According to the committee, Transocean is “largely physically located in the U.S.” but avoided U.S. taxes by moving its headquarters to the Cayman Islands in 1999, and subsequently to Switzerland in 2008.
In a June 30 letter to Transocean CEO Steven Newman, Baucus says the company has used a technique called “corporate inversion,” in which companies move their headquarters outside the United States to minimize tax obligations even though “management and control” functions remain here.
The letter notes that such transactions were barred under a 2004 corporate tax law, which also contained other measures to close tax loopholes. Baucus also noted that other provisions he authored to close offshore loopholes were enacted into law earlier this year as part of a larger bill that provided new tax incentives to spur business hiring.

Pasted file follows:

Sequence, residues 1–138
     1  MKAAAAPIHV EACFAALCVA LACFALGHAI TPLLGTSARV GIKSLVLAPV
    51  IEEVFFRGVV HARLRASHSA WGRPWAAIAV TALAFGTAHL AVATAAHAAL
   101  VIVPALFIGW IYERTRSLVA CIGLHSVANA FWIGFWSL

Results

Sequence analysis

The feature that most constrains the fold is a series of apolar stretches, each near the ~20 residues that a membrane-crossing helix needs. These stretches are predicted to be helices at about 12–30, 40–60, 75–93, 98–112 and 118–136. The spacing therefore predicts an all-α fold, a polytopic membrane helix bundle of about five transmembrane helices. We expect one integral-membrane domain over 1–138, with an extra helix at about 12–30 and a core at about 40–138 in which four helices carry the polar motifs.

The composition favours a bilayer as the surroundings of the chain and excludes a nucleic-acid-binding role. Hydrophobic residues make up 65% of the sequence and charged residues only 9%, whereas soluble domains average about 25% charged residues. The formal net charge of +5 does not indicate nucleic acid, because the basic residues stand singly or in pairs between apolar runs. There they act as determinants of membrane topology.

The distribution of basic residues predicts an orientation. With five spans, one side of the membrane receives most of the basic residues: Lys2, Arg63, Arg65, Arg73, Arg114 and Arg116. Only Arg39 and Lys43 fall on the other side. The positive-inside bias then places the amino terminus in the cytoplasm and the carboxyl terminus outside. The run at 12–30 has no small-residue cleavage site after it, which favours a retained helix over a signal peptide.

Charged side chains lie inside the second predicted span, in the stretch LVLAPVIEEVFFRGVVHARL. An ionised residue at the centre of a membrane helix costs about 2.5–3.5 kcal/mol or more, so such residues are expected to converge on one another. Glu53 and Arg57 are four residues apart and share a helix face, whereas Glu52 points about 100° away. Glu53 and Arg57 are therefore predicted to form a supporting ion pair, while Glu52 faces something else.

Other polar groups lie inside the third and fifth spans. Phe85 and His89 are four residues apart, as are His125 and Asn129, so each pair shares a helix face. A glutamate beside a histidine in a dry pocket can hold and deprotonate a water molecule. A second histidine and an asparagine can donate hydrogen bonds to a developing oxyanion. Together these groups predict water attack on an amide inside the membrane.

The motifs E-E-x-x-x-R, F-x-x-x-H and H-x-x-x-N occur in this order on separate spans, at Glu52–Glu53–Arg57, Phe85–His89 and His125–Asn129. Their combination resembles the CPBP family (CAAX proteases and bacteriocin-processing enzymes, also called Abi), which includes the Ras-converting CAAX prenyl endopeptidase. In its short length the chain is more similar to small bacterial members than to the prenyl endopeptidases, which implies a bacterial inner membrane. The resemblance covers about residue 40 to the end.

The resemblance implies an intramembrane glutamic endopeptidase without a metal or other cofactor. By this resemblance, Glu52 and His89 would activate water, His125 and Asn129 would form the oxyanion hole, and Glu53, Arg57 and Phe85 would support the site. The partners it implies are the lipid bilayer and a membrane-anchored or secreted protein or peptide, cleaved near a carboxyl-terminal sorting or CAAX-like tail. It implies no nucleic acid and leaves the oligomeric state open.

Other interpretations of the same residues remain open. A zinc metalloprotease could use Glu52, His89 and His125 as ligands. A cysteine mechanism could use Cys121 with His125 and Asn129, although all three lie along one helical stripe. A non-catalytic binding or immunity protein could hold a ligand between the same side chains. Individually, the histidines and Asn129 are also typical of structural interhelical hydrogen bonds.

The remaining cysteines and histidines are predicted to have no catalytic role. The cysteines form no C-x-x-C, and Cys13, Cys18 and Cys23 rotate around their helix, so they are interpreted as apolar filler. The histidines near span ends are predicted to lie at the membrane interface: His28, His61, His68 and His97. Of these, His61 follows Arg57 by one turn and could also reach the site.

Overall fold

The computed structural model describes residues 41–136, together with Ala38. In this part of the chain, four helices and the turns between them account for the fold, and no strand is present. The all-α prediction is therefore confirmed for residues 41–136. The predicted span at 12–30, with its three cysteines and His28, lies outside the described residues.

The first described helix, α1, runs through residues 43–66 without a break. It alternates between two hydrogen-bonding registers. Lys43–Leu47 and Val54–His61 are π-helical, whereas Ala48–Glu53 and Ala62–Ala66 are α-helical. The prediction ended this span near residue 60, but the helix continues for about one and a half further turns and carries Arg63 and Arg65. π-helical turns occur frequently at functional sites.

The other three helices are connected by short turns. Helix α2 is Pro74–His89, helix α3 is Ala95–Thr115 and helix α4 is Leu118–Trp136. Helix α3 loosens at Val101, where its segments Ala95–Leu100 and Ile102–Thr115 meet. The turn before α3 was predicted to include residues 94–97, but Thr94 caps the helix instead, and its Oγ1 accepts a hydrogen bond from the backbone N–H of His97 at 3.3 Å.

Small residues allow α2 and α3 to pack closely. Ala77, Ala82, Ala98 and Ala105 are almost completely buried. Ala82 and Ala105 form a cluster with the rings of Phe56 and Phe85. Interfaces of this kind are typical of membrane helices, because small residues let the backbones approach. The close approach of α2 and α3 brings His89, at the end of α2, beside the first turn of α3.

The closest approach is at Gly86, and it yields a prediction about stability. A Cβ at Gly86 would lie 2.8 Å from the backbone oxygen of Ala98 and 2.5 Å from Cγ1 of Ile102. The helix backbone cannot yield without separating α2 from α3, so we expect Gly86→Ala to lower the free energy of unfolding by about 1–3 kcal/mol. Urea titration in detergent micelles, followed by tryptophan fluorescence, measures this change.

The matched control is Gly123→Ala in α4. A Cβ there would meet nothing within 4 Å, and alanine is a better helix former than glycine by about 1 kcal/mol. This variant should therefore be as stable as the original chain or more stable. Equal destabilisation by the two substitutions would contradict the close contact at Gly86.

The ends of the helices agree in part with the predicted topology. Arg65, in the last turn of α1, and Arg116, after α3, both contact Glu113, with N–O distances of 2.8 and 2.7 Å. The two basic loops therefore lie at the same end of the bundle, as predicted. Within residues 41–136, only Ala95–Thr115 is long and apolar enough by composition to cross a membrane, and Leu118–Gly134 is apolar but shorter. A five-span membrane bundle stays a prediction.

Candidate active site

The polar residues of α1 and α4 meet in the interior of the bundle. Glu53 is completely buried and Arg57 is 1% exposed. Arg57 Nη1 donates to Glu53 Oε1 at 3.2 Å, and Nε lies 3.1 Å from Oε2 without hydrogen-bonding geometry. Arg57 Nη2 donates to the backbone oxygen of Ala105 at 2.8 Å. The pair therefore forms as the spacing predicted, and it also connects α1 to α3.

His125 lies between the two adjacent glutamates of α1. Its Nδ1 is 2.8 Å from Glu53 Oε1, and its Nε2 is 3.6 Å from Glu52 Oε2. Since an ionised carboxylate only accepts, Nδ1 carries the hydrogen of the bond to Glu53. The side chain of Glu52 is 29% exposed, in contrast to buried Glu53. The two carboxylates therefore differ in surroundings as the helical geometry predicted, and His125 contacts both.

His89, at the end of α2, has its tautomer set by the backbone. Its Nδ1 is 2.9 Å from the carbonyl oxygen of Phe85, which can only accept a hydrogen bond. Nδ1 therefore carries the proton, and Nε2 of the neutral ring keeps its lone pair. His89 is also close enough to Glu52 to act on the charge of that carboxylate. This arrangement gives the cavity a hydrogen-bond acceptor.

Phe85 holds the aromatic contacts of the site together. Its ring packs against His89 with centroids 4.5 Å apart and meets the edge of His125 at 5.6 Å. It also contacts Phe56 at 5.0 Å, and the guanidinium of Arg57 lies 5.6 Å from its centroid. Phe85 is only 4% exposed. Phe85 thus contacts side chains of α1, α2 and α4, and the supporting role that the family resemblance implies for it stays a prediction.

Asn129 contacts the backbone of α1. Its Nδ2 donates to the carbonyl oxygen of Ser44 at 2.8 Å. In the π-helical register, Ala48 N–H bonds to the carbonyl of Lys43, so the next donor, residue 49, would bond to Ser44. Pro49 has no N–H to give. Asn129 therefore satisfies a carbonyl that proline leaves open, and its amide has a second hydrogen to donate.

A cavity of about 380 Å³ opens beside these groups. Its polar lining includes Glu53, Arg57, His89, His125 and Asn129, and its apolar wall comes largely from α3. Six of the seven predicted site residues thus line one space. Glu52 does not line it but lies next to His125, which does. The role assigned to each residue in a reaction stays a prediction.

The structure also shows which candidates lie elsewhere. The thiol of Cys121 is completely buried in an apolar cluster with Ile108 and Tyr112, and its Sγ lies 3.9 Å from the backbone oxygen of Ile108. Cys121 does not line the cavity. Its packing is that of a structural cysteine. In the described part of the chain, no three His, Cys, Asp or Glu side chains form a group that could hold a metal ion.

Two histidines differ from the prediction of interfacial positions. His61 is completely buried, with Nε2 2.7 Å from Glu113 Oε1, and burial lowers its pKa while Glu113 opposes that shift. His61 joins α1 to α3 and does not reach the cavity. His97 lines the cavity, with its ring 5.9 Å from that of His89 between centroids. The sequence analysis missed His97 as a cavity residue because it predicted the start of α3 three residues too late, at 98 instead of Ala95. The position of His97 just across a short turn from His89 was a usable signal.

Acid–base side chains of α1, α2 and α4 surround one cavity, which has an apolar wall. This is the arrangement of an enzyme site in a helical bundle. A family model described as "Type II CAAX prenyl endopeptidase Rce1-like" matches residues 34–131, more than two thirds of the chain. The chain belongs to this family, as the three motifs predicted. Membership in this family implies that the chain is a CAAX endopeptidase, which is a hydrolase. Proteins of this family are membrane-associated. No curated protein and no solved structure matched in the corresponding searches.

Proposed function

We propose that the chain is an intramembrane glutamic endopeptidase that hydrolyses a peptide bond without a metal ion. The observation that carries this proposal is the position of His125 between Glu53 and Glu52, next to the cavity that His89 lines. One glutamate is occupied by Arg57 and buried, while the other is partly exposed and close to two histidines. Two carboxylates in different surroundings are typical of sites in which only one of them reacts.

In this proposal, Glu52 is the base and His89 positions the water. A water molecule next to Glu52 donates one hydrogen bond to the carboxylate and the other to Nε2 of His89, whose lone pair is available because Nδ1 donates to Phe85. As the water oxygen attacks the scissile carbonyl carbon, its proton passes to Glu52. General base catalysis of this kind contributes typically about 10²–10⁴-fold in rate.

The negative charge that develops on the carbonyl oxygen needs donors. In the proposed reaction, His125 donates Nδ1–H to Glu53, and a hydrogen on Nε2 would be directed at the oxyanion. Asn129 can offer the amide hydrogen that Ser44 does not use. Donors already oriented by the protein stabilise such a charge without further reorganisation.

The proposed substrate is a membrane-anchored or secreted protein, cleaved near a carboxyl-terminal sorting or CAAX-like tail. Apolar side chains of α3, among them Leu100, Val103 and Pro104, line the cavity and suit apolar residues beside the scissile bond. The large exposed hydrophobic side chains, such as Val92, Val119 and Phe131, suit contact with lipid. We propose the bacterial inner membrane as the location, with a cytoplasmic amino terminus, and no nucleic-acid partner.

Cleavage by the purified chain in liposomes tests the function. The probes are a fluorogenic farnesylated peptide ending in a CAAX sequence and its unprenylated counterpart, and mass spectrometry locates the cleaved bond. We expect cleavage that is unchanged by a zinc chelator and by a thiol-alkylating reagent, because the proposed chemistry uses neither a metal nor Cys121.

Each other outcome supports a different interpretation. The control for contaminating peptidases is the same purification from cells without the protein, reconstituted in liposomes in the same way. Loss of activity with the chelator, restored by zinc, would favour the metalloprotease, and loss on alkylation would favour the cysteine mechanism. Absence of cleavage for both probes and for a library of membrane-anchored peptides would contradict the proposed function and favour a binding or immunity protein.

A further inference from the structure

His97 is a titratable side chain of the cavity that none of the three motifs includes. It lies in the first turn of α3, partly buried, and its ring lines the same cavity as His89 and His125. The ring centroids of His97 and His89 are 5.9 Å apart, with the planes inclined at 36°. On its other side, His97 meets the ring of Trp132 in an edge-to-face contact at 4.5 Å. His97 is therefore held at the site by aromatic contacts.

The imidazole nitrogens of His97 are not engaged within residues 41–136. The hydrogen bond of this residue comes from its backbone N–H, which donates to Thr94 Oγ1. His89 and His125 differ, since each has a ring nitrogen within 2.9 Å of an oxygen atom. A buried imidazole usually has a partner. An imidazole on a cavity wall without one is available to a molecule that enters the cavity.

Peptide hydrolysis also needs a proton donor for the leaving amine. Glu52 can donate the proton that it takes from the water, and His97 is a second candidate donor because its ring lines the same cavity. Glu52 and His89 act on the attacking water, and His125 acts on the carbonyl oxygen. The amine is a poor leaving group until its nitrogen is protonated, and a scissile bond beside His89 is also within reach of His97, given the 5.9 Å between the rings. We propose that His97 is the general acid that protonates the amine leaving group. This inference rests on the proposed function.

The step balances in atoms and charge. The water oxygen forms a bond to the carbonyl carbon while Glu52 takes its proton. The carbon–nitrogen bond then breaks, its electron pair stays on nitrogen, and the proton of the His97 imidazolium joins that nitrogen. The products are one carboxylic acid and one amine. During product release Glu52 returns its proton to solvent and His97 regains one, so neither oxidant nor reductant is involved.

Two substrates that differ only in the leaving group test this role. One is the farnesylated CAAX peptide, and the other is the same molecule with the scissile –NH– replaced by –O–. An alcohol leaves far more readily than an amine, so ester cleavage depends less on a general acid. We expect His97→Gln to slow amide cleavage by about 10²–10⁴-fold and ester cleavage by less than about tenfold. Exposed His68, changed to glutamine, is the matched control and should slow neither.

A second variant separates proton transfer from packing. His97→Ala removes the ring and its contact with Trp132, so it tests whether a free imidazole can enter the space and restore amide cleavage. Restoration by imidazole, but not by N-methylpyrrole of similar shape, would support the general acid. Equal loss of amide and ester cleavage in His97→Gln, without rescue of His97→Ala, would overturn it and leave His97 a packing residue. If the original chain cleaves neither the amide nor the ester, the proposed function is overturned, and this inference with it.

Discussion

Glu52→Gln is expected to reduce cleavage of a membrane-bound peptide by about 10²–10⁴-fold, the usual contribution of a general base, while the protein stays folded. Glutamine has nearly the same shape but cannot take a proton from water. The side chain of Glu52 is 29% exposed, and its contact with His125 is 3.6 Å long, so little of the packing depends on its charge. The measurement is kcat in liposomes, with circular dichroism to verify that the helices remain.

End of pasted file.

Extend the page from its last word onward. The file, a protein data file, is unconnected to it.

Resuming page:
Against that backdrop, the letter asks for a suite of Transocean documents by July 19 in order to “further the goals of equitable tax administration, voluntary tax compliance and closing offshore loopholes.”
Baucus wants documents including years of tax returns and information about liabilities and income over the last 15 years. The lengthy letter also seeks information about Transocean’s activities and assets in various countries and its management practices, including the location of its chief executive officer, chief financial officer and chief operating officer.
In addition, Baucus presses the company for information about its two relocations.